Monday, June 25, 2007

iPhone, J2ME And Vendor Lock-In

So the latest news is that the iPhone will feature YouTube. Not using Safari, Flash or J2ME, but as a non-portable iPhone app. That reminded me of the reason that Apple gave for not opening up the iPhone to third party developers:

"You don’t want your phone to be an open platform, You need it to work when you need it to work. Cingular doesn’t want to see their West Coast network go down because some application messed up."
Steve Jobs, Interview, January 2007
So why doesn't Apple include J2ME on the iPhone? Cingular already has millions of J2ME phones that have not brought down their network! Besides, consumers today do not download J2ME apps/games from the web - they buy them from the carrier decks. That translates into real revenue for the carriers. Why would any carrier say no to millions of dollars in revenue? Oh right, the reason why the iPhone does not include J2ME is:
"Java’s not worth building in. Nobody uses Java anymore. It’s this big heavyweight ball and chain."
Steve Jobs, Interview, January 2007
Really??? Let's look at the evidence, shall we?

  • All Tier-1 phone manufacturers support J2ME in a big way.
  • Most major carriers support J2ME in a big way.
  • RIM has completely embraced J2ME for their Blackberry.
  • Almost all Windows Mobile phones today come with J2ME pre-installed!
  • Palm, the last J2ME hold-out has finally licensed IBM's J9.
  • Microsoft, Yahoo and Google have released their mobile applications using J2ME.
  • J2ME being opensourced has ensured that every future Linux phone will ship with J2ME pre-installed.
  • Globally, and even in the land of BREW (US), more J2ME enabled phones are sold today than any other platform.
So what is the real story? For that we need to understand why J2ME is the dominant mobile platform today. J2ME's phenomenal success has been due it being an open platform from a neutral vendor (i.e. not Microsoft and not another Telecom company). Besides Sun, every major phone manufacturer (and carrier) is involved in J2ME's specifications. Anyone (and I really mean anyone) can write J2ME apps/games using the many free tools available. And (in theory at least) anyone can download these apps/games and run them on their phones. As BREW found out, it's really hard for a proprietary platform to compete against such an open platform. Vendors, developers, publishers, distributors and consumers tend to flock towards open technologies, creating a thriving marketplace. And even though the carriers are doing their best right now to control the J2ME marketplace, it's still in a hell of a lot better shape than any of the alternatives. So the real story, IMO, is that Apple looks at J2ME (and Flash for that matter) as a competitor to it's very closed and proprietary iPhone platform. Come to think of it, if the iPhone had J2ME, why would Google have become an iPhone partner?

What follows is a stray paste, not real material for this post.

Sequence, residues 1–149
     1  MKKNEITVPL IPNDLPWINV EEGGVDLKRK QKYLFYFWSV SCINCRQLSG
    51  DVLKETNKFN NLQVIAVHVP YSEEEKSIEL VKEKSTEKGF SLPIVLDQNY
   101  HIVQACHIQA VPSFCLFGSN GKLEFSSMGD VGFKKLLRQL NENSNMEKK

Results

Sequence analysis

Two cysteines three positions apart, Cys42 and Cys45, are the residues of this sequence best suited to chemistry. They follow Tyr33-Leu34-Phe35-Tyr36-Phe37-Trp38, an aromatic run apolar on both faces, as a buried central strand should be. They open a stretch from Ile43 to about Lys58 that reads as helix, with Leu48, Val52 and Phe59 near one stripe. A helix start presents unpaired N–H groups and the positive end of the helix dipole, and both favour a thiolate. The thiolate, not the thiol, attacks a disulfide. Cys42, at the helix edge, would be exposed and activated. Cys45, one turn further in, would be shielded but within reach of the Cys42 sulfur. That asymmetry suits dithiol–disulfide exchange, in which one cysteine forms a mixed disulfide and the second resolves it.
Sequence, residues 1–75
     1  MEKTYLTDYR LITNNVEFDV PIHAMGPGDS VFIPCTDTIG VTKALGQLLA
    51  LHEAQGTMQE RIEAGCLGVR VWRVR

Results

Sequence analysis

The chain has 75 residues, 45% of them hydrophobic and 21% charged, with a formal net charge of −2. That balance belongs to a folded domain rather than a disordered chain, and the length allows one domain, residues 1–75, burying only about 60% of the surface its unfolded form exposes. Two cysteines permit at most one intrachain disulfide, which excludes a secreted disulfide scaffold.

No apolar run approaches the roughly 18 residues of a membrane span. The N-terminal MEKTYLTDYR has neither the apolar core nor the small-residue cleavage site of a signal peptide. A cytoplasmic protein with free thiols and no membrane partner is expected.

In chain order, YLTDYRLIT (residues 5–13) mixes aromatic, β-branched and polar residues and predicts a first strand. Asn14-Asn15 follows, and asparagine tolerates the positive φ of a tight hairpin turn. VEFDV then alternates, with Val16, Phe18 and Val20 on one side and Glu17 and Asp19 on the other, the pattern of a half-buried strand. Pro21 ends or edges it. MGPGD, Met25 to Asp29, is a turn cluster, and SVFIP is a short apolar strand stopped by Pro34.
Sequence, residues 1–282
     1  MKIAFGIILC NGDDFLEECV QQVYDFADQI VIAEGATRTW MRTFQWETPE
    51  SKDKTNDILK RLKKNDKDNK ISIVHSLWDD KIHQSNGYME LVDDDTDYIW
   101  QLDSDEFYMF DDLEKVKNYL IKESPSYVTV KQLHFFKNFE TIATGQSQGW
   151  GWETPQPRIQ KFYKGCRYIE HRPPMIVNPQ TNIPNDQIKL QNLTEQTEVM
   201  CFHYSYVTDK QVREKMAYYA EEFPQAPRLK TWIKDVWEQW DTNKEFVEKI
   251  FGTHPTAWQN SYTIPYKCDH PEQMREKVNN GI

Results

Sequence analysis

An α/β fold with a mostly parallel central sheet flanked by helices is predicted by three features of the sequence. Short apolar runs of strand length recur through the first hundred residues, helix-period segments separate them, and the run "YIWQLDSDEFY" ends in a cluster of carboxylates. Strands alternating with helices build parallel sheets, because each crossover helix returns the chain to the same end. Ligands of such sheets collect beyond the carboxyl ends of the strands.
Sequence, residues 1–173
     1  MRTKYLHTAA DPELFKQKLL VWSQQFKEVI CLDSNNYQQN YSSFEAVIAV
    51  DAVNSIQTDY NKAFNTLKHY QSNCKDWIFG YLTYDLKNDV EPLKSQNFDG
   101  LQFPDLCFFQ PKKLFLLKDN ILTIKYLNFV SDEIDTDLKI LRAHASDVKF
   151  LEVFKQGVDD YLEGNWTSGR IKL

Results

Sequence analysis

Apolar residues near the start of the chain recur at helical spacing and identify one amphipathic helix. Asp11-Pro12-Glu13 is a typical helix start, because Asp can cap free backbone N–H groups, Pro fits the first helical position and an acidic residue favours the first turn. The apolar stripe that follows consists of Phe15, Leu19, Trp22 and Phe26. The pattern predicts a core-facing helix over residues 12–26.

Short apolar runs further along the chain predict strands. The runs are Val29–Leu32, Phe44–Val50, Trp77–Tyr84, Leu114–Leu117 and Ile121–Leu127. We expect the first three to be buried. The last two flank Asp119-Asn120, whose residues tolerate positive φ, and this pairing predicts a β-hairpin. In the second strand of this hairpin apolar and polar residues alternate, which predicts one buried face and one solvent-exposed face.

I predict that Apple will go the BREW route: they will release an SDK, but you will need to pay big bucks to Apple to get your app/game certified so that it will even run on the iPhone. And consumers will only be able to buy these apps/games from iTunes. In the end, it's not about closing the iPhone for the consumer experience, or for the carriers - it's about proprietary vendor lock-in. When Microsoft does it, it's illegal, when Apple does it, it's cool??!!
** Updated to include iPhone image.

8 comments:

Anonymous said...

totally agree.
can not understand why apple would not support so popular platform.

Anonymous said...

couldnt agree more..

Shame apple is taking that route.

Anonymous said...

100% agreed. I will never buy an iPhone for this very reason.

Anonymous said...

thanks man...I was about to buy iPhone without even thinking about this..but now I won't.

Anonymous said...

It is not an APPLE anymore....it is a BANNANA

Rich Livingstone said...

Windows Mobile 5 phones do not all come with J2ME installed, mine from O2 in the UK came with a small footprint J2SE on it. The only J2ME that I've been make anything work well with is the IBM WEME JVM (used to be called J9) which is fine - but not preinstalled by any means.

Chetan Kumar said...

It's 2008, and your predictions have come true... They did go for the BREW way ...

Apple is going the Microsoft way... and I'm not sure I want an iPhone anymore...

Prageeth said...

How bad it is not to have J2ME on iphone. I will not go for an iphone until it is there.